• Which DVD Recorder is right for me?

    • Basic DVD Recorder
      If you mostly want to record programming direct from your tv to 100% digital recordable DVDs, an entry-level DVD recorder may be the right choice. While these types often lack some of the nicer features of higher-end models, they are an economical choice for DVD playing and recording.

    • DVD/VCR Combo Recorder
      If you are planning on transferring VHS memories to recordable DVDs, look into a DVD recorder/VCR combo. These convenient units make transfers to recordable DVDs extremely simple, and many include twin tuners so you can record two TV channels at the same time - one to VHS tape, one to recordable DVD!

    • DVD Recorder with Hard Disc Drive (Basic Digital Video Recorder)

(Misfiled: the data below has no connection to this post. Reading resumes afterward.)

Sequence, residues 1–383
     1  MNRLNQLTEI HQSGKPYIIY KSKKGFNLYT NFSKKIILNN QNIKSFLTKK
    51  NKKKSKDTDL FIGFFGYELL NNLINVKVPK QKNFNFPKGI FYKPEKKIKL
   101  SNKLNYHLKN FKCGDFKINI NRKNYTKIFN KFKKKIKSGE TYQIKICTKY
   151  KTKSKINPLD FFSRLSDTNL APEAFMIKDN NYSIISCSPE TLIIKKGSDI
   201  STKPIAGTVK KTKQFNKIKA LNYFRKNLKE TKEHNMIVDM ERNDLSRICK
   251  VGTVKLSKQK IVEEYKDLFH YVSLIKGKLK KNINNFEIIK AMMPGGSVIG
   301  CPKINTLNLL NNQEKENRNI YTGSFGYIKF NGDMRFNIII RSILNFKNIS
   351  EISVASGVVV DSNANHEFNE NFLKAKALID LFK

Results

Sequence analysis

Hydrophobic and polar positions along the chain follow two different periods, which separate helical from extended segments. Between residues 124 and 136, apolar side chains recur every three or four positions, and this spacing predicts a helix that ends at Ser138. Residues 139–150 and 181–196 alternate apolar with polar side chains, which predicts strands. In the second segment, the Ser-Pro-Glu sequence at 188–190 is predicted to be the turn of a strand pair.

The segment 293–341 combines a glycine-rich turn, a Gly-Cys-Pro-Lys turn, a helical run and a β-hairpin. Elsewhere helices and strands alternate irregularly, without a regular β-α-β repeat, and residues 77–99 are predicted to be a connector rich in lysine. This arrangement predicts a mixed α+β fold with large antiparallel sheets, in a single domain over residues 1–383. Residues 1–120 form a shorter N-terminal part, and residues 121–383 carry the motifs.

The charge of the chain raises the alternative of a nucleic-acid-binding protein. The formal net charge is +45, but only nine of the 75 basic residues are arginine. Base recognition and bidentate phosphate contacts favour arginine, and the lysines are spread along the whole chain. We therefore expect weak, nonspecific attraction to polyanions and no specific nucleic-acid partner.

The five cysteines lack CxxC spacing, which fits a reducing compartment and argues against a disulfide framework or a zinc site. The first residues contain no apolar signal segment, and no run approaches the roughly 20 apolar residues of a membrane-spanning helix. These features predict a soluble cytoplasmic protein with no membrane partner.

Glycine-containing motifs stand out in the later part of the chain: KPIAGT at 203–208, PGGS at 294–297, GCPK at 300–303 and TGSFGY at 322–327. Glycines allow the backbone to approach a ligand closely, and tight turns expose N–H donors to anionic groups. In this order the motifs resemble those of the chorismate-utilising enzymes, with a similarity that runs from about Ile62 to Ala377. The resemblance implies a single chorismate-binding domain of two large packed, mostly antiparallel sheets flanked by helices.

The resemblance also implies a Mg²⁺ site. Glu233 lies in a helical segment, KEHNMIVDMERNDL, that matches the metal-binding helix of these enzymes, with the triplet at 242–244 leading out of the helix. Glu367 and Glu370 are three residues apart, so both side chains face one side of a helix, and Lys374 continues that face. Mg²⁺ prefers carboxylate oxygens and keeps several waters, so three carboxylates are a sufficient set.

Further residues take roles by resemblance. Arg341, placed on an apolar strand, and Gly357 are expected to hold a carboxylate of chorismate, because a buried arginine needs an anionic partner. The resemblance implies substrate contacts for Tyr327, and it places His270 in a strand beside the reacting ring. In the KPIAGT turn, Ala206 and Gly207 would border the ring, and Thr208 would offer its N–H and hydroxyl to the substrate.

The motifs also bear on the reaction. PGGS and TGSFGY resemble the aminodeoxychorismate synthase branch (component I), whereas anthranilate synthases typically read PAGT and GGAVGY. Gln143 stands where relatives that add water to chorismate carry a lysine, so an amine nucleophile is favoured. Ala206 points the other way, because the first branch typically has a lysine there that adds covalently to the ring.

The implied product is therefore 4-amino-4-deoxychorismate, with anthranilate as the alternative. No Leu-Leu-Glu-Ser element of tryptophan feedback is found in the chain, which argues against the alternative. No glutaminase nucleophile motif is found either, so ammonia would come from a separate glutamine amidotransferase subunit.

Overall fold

The most advanced DVD recorders now include built-in hard disk drives that allow you to store hours of content from TV and VHS tapes to enjoy or transfer to recordable DVDs later. Just like DVD recorder/VCR combos, many allow you to record two programs at once - and both are recorded in 100% digital quality. See TiVo? Digital Video Recorders below for additional services available.

    DVD Recorder basics


  • What is TiVo??

    TiVo? is a service for a digital video recorder (DVR) that will automatically record TV shows. What sets TiVo? apart from other DVRs is its programming guide, which makes it easy to program a single show or an entire season of the same show. TiVo? stores up to 2 weeks of programming information whether you receive your broadcast from cable, satellite, or even off-air antenna. TiVo? offers:

    • Season Pass Recordings
      Just Choose your favorite TV show and TiVo? will automatically record every episode, whenever it airs.
    • Wish List Searches
      Find and record shows by favorite actor, sporting events by sports team, or programs about a subject that interests you, such as fishing or history.
    • Smart Recording